Tekirdağ is situated on the northern coast of the Sea of Marmara, 135 km west of Istanbul in the European part of Turkey in Thracia. The picturesque bay of Tekirdağ is enclosed by the great promontory of the mountain which gives its name to the city, Tekir Dağı (ancient Combos), a spur about 2000 ft. that rises into the hilly plateau to the north.
Between Tekirdağ and Şarköy is another mountain, Ganos Dağı.
The history of the city of Tekirdağ dates back to around 4000 BC. The ancient Greek city of Rodosto is said to have been founded by Samians. In Xenophon’s Anabasis it is mentioned to be a part of the kingdom of the Thracian prince Seuthes. Its restoration by Justinian I in the 6th century A.D. is chronicled by Procopius. In 813 and again in 1206 it was sacked by the Bulgarians after the Battle of Rodosto, but it continued to appear as a place of considerable note in later Byzantine history. It was also ruled by Venetians between 1204 - 1235.
In the Ottoman period the city was successively a part of the vilayet (province) of Rumelia, Kaptanpaşa (centered at Gelibolu), Silistre and Edirne.
In 1905, the city had a population of about 35,000; of whom half were Greeks who were exchanged with Muslims living in Greece under the 1923 agreement for Exchange of Greek Orthodox and Muslim Populations between the two countries.
Tekirdağ was for many years a depot for the products of the Edirne province, but its trade suffered when Alexandroupolis became the terminus of the railway up the river Maritsa.
The Tekirdağ area is the site of many holiday homes, as the city is only two hours drive from Istanbul via a new four-lane highway. The villages of Şarköy, Mürefte and Kumbağ are particularly popular with Turkish tourists. Much of this holiday property has been built in an unregulated and unplanned manner and thus much of the coast looks over-built. The Marmara Sea is polluted but there are still a number of public beaches near Tekirdağ.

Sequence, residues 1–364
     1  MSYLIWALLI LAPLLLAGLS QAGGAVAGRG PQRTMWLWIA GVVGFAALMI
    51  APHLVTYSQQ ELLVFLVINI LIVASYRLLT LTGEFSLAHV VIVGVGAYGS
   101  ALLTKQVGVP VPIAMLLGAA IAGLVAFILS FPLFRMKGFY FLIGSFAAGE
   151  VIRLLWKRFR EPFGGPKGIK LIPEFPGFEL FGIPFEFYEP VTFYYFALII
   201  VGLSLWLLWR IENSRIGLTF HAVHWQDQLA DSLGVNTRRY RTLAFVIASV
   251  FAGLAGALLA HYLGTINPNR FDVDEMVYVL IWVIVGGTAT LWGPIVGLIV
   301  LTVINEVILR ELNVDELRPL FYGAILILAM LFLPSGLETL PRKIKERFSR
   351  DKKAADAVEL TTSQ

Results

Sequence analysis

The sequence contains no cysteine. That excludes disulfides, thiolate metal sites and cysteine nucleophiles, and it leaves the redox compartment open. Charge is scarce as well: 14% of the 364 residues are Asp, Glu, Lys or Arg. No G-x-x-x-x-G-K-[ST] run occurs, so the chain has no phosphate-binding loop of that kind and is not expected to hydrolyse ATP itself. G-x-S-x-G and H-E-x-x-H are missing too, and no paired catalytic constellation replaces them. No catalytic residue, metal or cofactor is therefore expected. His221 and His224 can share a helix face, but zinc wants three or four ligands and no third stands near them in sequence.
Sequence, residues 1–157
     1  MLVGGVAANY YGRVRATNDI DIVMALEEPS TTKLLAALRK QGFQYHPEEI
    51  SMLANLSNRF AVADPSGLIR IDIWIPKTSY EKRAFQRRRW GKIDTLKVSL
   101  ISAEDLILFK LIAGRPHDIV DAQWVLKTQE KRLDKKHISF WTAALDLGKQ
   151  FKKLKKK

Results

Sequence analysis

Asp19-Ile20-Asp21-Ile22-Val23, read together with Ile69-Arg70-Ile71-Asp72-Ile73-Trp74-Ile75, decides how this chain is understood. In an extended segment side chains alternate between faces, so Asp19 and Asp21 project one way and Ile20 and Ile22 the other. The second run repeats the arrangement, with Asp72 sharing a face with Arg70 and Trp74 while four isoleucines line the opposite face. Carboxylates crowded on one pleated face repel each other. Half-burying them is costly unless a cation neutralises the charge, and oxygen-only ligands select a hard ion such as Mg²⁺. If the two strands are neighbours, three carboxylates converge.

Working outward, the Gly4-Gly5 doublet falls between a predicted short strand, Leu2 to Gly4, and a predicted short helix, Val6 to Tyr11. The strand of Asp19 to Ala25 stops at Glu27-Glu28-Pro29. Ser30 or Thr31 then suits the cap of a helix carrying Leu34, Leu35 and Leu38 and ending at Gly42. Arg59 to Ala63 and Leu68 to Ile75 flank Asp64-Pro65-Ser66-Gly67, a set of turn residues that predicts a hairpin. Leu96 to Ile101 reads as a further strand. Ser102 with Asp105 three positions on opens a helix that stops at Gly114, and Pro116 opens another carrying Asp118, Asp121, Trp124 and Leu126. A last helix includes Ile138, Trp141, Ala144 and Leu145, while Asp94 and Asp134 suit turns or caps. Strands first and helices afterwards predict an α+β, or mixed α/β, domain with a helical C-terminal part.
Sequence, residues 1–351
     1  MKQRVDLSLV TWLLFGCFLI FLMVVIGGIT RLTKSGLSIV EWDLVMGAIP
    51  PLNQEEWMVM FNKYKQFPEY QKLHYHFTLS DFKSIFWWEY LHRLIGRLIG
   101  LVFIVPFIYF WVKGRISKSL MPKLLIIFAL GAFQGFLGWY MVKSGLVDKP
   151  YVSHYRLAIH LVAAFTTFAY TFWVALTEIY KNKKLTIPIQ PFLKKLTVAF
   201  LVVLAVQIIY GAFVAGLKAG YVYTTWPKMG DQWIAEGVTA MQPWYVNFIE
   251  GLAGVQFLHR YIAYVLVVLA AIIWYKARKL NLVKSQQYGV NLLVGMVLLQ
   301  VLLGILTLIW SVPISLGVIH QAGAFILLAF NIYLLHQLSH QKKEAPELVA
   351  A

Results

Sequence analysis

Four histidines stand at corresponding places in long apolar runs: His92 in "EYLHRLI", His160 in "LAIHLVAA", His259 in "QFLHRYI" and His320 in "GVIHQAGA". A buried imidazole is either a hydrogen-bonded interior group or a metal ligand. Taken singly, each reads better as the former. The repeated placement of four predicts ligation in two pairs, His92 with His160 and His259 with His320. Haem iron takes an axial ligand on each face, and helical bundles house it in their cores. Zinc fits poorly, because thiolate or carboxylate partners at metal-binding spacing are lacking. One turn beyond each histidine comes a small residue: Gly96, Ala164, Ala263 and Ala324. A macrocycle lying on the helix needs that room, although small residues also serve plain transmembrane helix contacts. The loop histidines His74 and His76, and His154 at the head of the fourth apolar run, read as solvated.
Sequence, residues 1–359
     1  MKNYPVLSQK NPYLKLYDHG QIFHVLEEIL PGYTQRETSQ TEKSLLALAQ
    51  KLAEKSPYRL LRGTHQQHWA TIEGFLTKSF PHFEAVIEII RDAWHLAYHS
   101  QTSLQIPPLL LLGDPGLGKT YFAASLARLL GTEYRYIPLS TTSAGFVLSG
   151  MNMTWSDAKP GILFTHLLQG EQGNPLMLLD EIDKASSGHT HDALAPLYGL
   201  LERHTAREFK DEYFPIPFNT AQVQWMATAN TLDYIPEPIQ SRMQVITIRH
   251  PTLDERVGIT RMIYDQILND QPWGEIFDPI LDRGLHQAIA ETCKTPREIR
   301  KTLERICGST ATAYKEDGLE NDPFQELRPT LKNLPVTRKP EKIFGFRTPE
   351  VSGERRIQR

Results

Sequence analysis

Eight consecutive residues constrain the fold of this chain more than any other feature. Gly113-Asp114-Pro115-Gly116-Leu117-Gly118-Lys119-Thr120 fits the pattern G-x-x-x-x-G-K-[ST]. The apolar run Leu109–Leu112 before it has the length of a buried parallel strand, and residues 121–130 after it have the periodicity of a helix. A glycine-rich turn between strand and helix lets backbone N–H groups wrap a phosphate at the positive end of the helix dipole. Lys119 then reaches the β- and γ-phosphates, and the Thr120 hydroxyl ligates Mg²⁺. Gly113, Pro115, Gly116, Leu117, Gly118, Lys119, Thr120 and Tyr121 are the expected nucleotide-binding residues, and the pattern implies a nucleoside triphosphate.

Most of the city's Ottoman wooden buildings have been replaced by concrete apartment blocks, but some are being restored or replaced with attractive houses in the traditional style. Except for the Rüstem Paşa Camii, built by the Ottoman architect, Mimar Sinan, in the 16th century, and the narrow streets that help one imagine life in the Ottoman period, the city lacks antique charm. One reason to visit is the local delicacy, the small spicy cylindrical grilled meatballs called Tekirdağ köftesi, traditionally followed by courses of a sweet local cheese and semolina pudding.
The inland areas are fertile farmland, growing crops including winter wheat, sunflowers, cherries and grapes for wine-making: thus the high quality rakı for which Tekirdağ is noted. The distilleries were state-owned until the 1990s but are now in private hands and the wine and rakı industries are undergoing a renewal. Local red wines are inexpensive and worth a taste.
Both the east-west highway (the Via Egnatia from Roman times) and the highway north toward Muratlı and Luleburgaz are four lanes.
Tekirdağ is the home of Namık Kemal University, which was founded in 2006 with three faculties. It is located at the eastern edge of the city.
Please read as well: